An industry panel recommends fracking be carefully monitored and regulated to ensure we aren’t precipitating environmental disaster:

  5. scottinnj says:

    Here is the latest from the amazing Garfunkel & Oates – “Save the Rich” (NSFW)

  6. reedsch says:

    Conventional efforts will generate conventional results.

    “BIBO (Bounded Input Bounded Output) precisely defines stability in Control Systems Engineering. Understanding BIBO as applied to money systems, will explain why everything we have been conditioned to believe about money is mathematically absurd and utter nonsense. Understanding BIBO as applied to money is the only means to free humanity from the grips of a criminally negligent political class manipulated by a lunatic financial elite that while never stopping talking about reaching system “stability”, are utterly clueless as to what “stability” means, because otherwise the current financial crisis would be over in a weekend if it were to have happened at all.”

    The Kansas City school of economics is becoming quite interesting!

  7. econimonium says:

    Doofus, I’m not sure of your point. If corporations put *their* money into destroying the environment for profit, we stop that don’t we? If they put it into union busting we stop that don’t we? If they try to put it into dangerous or destructive mining projects we stop that too don’t we? So who says that *corporations* are allowed to put money wherever they want? Or are you with Romney et al that companies are people too?

    For me this election really comes down to a fine point that gets lost on some, and that’s the ability to appoint judges and supremes. Look at the current roster of shame on that court! From bizarre campaign finance laws to companies are people too, this court doesn’t need another mental midget (Thomas) or stubborn Italian living in the 13th century. Clearly we need to flush these people out of all layers of the judiciary if we’re going to move forward as a nation and truly interpret laws that pave the way to our future and not try to revive the robber baron past. For this reason alone I won’t vote for a Republican, even though there is an R next to my voting status. Even I recognize that the only way to bring the party back to being fiscally conservative (in a good way) and socially liberal (now meaning just stop getting involved in everyone’s day to day life instead of backing things like “personhood” as a zygote…lunacy personified) is to completely decimate them at the next election.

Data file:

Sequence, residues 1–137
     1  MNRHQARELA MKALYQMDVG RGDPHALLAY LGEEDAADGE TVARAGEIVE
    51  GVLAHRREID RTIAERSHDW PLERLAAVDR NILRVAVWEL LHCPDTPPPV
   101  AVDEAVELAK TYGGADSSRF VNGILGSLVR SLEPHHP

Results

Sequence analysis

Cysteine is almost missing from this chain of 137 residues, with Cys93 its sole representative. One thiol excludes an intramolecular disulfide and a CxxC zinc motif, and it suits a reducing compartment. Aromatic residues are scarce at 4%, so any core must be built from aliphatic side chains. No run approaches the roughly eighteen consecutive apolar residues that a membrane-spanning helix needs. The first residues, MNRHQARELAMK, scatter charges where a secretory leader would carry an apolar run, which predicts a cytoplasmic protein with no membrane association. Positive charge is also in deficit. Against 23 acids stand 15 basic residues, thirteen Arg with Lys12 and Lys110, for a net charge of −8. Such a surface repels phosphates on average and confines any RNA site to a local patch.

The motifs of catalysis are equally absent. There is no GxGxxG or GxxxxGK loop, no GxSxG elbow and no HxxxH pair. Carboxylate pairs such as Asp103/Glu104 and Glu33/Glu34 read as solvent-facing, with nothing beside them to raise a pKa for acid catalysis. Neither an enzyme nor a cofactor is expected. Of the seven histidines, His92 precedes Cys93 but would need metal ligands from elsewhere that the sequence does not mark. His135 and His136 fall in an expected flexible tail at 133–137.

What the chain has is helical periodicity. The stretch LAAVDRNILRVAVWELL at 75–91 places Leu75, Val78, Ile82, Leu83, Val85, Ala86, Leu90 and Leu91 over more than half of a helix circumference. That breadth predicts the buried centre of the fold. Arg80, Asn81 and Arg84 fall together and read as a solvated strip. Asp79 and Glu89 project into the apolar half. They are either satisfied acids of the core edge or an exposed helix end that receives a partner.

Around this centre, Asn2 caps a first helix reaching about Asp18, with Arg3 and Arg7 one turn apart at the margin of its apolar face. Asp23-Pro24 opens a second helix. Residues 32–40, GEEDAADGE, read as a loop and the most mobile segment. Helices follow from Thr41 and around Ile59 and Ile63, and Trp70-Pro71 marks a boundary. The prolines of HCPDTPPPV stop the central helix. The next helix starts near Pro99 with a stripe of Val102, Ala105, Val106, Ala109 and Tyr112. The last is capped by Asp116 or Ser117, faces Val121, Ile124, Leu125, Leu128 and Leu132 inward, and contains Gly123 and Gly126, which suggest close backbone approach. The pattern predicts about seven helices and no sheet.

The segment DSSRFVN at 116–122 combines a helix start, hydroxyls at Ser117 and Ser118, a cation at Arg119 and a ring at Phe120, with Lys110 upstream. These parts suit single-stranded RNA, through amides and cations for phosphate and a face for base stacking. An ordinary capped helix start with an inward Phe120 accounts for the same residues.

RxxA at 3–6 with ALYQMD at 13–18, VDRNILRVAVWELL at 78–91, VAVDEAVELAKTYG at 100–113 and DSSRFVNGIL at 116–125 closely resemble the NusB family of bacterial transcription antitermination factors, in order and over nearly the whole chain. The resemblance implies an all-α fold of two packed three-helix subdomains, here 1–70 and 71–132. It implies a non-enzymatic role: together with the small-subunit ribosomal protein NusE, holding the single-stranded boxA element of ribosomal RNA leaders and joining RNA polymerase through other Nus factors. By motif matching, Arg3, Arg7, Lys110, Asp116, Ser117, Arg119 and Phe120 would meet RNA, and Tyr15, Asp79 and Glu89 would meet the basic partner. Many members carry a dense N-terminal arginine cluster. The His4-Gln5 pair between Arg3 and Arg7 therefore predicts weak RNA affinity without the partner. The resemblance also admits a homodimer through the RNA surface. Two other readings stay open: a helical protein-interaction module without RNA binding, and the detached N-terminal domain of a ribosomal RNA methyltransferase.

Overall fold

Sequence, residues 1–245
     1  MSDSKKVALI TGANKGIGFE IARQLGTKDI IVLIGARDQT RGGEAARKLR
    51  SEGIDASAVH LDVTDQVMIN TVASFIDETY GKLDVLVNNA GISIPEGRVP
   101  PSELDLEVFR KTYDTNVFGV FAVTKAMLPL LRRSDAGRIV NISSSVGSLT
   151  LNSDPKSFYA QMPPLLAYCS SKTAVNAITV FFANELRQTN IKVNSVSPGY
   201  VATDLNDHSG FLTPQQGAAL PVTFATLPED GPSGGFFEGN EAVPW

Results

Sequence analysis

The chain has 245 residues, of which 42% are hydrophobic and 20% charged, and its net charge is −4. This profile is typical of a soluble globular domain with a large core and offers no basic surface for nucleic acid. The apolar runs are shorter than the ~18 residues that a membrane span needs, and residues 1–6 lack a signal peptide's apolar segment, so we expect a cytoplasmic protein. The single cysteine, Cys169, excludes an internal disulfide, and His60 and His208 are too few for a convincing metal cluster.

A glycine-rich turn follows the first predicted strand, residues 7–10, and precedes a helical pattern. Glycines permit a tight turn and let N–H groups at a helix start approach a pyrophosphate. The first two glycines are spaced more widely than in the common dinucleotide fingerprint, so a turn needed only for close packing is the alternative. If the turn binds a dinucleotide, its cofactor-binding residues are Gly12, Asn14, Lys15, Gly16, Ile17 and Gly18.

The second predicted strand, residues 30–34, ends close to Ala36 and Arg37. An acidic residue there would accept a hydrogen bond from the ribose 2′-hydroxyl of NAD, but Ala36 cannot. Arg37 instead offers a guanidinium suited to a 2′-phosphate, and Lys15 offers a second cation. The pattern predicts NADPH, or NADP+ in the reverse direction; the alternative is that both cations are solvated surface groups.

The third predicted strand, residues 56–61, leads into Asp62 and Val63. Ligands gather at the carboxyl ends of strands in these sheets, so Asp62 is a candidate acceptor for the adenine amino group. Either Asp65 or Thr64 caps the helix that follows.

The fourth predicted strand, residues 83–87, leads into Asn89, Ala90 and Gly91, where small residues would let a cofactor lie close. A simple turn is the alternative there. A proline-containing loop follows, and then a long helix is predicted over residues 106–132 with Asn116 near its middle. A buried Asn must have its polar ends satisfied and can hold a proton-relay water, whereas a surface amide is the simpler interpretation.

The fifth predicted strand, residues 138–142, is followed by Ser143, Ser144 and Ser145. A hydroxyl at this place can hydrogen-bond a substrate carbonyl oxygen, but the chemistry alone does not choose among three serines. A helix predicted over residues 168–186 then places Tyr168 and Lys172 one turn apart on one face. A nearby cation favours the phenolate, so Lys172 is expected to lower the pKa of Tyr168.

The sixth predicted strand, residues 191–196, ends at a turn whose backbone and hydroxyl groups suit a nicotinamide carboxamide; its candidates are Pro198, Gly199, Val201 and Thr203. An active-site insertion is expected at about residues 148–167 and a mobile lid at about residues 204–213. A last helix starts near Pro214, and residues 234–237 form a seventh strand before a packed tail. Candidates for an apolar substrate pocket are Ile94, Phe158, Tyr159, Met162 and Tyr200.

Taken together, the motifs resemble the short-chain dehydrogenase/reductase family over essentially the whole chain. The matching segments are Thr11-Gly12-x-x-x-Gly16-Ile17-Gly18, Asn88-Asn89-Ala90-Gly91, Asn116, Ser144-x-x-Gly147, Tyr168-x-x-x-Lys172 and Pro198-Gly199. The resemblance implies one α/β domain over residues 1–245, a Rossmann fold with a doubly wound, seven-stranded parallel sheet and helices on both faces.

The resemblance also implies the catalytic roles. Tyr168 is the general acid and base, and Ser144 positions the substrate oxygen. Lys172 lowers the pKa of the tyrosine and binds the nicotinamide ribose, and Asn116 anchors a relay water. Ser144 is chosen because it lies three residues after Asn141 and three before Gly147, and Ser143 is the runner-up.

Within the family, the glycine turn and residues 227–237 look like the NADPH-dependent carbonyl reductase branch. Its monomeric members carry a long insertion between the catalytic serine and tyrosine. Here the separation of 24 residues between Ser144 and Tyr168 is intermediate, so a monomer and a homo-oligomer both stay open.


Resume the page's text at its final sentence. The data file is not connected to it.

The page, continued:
Then and only then will they stop the pandering to crazy people and the over-reach. Seriously, it’s the only way to send these people back to the late stone age where they get the book with their information.

  8. Greg0658 says:

    OnT cartoon .. loopback chains of our interconnected society .. the company towns scenario .. campaign $s into graphic & electronic media; patents; high fliers & their producers; motion picture writeoffs & workcations; illegalities that promote safety & kickback to justice depts; Vets with training, discipline & insurance; 65+ Medicare receivers at work in private sector/balanced against return of salary into the company town